A file image of bishops attending Mass in St. Peter's square at the Vatican on September 4, 2016. (Photo by Andreas Solaro/AFP)
When I was a boy, I watched a narrow clamshell bucket dipping into a sewer up the street from our home to clear muck. I was still too young and too inexperienced in the ways of the Church to be aware of the irony of it, but I found it amusing that the muck-filled bucket looked vaguely like an upside-down version of the hat I had recently seen filled by the head of a bishop who came to our parish for Confirmations.
Several years later, I learned to use a post hole digger, and noticed the similarity between it and an upside-down miter. That similarity points to something in Dante’s Inferno (hell).
In the 19th canto of that 14th-century poem, Dante on his tour of hell encounters bishops and other church leaders who have been turned upside-down and placed in post holes while their feet burn.
The ecclesiastics singled out for this punishment are those whose greed has led them to the sin of simony, named after Simon Magus, who in the Acts of the Apostles tries to buy power in the Christian community. Simoniacs let greed outweigh care for the People of God.
Berating Pope Nicolas III, and through him all money-loving prelates, the poet says: “Your avarice overshadows the world with mourning, while you tread the good under foot, and raise bad men up. ... You have made gold and silver your god. What difference is there between you and an idolater?”
Money and ministry were a bad mix in the 1300s. They still are.
Archbishop William Lori of Baltimore in the United States recently released the results of an investigation he led of Bishop Michael Bransfield, bishop emeritus of the Diocese of Wheeling-Charleston in West Virginia, the second-poorest state in that country.
The investigation verified reports of the bishop’s sexual harassment of young priests, seminarians and others. The report also included the fact that Bransfield had used diocesan funds to pay for a luxurious lifestyle that included drugs and $1,000 per month for liquor along with expensive leisure travel. He also spent $4.6 million for renovations to his private residences. The report, details of which were publicized by The Washington Post rather than Archbishop Lori, also speaks of daily deliveries of flowers to the diocesan offices that cost $182,000 over 13 years in a diocese of only about 78,000 Catholics.
Sadly, the state of the Catholic Church throughout the world, not just in the United States, is such that findings like those are no longer news. Those who follow news of the Church are resigned to hearing at least weekly of sexual abuse, coverup and extravagant corruption by bishops and priests.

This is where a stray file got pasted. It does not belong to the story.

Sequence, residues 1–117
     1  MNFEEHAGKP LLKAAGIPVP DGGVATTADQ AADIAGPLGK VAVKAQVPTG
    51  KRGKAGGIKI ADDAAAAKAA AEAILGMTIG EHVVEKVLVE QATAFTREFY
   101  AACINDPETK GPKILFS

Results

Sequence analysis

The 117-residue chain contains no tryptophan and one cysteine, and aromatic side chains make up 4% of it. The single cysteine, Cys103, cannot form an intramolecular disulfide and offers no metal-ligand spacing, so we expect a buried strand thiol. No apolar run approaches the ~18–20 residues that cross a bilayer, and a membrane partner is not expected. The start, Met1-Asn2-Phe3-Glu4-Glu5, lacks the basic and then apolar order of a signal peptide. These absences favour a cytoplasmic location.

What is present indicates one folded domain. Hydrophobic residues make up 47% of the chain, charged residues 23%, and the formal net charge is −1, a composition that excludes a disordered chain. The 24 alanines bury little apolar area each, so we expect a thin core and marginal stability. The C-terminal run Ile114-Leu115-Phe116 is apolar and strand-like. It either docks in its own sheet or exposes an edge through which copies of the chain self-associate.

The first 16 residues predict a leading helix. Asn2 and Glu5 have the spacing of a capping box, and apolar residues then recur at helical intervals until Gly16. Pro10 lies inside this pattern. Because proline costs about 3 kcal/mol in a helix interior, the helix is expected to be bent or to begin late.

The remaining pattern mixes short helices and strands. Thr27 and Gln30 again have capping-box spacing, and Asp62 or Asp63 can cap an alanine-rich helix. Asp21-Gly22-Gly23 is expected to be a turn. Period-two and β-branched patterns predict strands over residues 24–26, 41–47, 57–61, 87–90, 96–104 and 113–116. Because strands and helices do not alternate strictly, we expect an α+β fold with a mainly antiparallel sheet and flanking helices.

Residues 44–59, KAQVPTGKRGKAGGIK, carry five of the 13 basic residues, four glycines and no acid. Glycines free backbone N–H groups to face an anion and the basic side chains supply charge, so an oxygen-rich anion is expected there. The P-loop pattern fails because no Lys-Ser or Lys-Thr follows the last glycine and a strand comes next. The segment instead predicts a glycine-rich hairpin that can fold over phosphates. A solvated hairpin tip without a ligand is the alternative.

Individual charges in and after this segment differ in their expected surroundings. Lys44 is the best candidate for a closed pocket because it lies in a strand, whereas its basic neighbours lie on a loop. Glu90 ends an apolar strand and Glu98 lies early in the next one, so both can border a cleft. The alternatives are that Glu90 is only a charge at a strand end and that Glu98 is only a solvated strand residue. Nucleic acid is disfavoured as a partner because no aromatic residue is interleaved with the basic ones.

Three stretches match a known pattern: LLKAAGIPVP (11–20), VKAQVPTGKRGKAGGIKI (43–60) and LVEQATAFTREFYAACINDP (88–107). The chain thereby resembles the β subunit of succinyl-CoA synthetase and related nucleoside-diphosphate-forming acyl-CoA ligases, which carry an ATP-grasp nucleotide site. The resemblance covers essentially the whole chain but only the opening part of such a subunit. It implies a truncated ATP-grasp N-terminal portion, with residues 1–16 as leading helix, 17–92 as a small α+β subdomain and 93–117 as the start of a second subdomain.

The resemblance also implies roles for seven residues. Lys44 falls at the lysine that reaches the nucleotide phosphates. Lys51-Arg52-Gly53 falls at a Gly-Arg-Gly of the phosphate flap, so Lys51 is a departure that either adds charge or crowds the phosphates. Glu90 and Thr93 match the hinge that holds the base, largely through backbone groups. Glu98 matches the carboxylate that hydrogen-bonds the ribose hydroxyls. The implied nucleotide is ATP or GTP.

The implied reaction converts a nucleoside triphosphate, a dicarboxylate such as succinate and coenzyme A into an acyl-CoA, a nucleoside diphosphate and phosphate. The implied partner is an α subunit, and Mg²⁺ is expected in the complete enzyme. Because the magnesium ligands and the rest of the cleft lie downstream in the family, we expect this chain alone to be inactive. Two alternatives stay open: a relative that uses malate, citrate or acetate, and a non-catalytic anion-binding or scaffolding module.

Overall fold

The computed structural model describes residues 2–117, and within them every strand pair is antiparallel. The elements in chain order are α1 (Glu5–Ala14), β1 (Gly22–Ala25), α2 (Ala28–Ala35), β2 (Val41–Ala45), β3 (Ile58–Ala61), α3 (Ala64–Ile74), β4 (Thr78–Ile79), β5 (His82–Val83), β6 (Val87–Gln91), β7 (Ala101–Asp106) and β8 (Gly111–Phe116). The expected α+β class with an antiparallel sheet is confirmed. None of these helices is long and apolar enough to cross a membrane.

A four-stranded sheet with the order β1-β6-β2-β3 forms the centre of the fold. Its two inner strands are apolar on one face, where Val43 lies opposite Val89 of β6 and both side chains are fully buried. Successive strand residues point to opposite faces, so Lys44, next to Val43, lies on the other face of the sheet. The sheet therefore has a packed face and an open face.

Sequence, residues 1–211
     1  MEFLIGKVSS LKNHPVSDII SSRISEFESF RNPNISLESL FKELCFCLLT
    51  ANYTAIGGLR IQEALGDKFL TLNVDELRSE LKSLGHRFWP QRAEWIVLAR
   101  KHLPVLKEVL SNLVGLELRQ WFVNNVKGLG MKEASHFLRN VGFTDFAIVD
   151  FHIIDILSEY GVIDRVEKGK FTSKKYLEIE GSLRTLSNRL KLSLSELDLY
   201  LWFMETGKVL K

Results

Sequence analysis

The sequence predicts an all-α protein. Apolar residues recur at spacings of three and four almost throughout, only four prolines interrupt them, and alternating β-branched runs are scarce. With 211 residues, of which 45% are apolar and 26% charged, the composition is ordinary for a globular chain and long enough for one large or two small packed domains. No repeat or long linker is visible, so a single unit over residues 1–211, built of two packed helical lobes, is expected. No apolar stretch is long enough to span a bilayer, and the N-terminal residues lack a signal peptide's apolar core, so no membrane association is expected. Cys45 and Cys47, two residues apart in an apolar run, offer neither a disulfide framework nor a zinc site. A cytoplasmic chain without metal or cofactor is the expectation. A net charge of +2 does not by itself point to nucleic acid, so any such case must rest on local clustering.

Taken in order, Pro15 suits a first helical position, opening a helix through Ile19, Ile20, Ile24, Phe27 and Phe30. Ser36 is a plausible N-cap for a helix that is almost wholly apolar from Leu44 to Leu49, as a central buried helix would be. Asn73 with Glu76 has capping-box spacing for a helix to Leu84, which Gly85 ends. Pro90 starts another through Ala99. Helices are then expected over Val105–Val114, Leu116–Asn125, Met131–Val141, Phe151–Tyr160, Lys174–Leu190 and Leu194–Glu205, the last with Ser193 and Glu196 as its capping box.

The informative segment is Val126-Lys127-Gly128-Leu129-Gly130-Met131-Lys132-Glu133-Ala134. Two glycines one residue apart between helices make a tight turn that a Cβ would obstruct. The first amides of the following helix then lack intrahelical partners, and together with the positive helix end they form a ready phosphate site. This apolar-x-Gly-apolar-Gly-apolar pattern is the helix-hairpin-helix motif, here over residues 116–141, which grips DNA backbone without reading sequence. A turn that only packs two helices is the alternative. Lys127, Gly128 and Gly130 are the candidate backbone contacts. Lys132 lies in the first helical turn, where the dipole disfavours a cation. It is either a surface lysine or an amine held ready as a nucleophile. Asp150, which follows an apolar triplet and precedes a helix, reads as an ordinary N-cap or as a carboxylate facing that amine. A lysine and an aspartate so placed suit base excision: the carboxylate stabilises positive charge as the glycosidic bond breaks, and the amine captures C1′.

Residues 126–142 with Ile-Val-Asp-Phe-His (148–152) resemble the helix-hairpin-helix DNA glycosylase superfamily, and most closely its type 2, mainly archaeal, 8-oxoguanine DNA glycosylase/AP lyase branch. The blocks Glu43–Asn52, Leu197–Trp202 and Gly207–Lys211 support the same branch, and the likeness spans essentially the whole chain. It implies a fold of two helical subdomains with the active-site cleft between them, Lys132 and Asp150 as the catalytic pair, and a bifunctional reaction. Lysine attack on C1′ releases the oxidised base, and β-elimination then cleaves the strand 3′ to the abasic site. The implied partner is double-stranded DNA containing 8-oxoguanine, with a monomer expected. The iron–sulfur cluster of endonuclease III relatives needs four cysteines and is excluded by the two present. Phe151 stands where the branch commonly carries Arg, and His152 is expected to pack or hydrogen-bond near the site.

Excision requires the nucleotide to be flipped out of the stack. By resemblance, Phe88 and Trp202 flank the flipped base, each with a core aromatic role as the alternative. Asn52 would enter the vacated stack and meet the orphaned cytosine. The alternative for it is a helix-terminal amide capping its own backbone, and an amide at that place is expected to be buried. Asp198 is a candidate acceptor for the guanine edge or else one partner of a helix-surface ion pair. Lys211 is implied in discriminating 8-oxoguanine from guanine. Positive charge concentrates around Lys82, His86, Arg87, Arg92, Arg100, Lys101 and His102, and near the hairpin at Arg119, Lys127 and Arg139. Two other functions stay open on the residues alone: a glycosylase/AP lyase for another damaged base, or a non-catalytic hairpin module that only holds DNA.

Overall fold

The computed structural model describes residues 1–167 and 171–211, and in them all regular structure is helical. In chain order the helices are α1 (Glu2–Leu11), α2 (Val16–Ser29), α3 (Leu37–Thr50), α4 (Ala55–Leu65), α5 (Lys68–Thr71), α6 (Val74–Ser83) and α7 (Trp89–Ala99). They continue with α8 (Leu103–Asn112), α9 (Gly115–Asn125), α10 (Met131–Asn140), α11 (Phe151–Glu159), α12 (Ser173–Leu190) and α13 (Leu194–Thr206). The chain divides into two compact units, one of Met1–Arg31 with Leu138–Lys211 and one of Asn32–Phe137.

So, at first glance there is nothing new in the report of Bransfield’s activities. It would be easy to file his story away as just one more whittling away of the integrity of the Church and the faith of its members.
But, news of Bransfield’s activities go beyond now “normal” deviance and indicate the involvement of many others of the episcopal ilk, including the archbishop responsible for investigating him.
Using funds belonging to the Catholics of one of the poorest places in the United States, Bransfield reportedly gave some $350,000 in gifts to priests, bishops and cardinals in that country and the Vatican. Recipients included Cardinals Donald Wuerl, Timothy Dolan, Raymond Burke, Bernard Law and the former papal nuncio Archbishop Carlo Maria Vigano.
Archbishop Lori received about $10,000, including $3,000 for preaching at two Masses. Since the scandal broke, he has said he would return the money to the Wheeling-Charleston Diocese, designated for Catholic Charities and probably earning him a tax deduction for a charitable contribution.
Cardinal Kevin Farrell, who as camerlengo, administers the property and revenues of the Holy See, received $29,000 from Bransfield to help renovate his Vatican residence. The per capita income of West Virginians is only $23,450. What sort of renovations were they that such an amount is only help toward them?
Apparently, not one of these hierarchs felt any qualms about accepting money stolen from the poor or thought to ask where it came from or why they were being given it. Of course, since they were influential, it is likely that they recognized bribery by someone probably hoping to climb higher on the hierarchical career ladder. Shame on them.
The problem is not limited to the United States and it is not only American bishops who deserve eternity in post holes.
Clearly, bishops are seldom, if ever, capable of policing themselves or each other. Legal systems and media exposure are the chief tools that the Holy Spirit is using to deal with corruption among church leaders.
There is one language besides exposure that simoniacs understand: money. Perhaps the strongest way to chasten or convert them is to withhold the money they crave. Refusing to contribute to any parish, diocese or other entity that is not absolutely transparent in its handling of the money of the People of God may get the results we deserve.
Father William Grimm is a New York-born priest active in Tokyo. He has also served in Cambodia and Hong Kong and is the publisher of ucanews.com.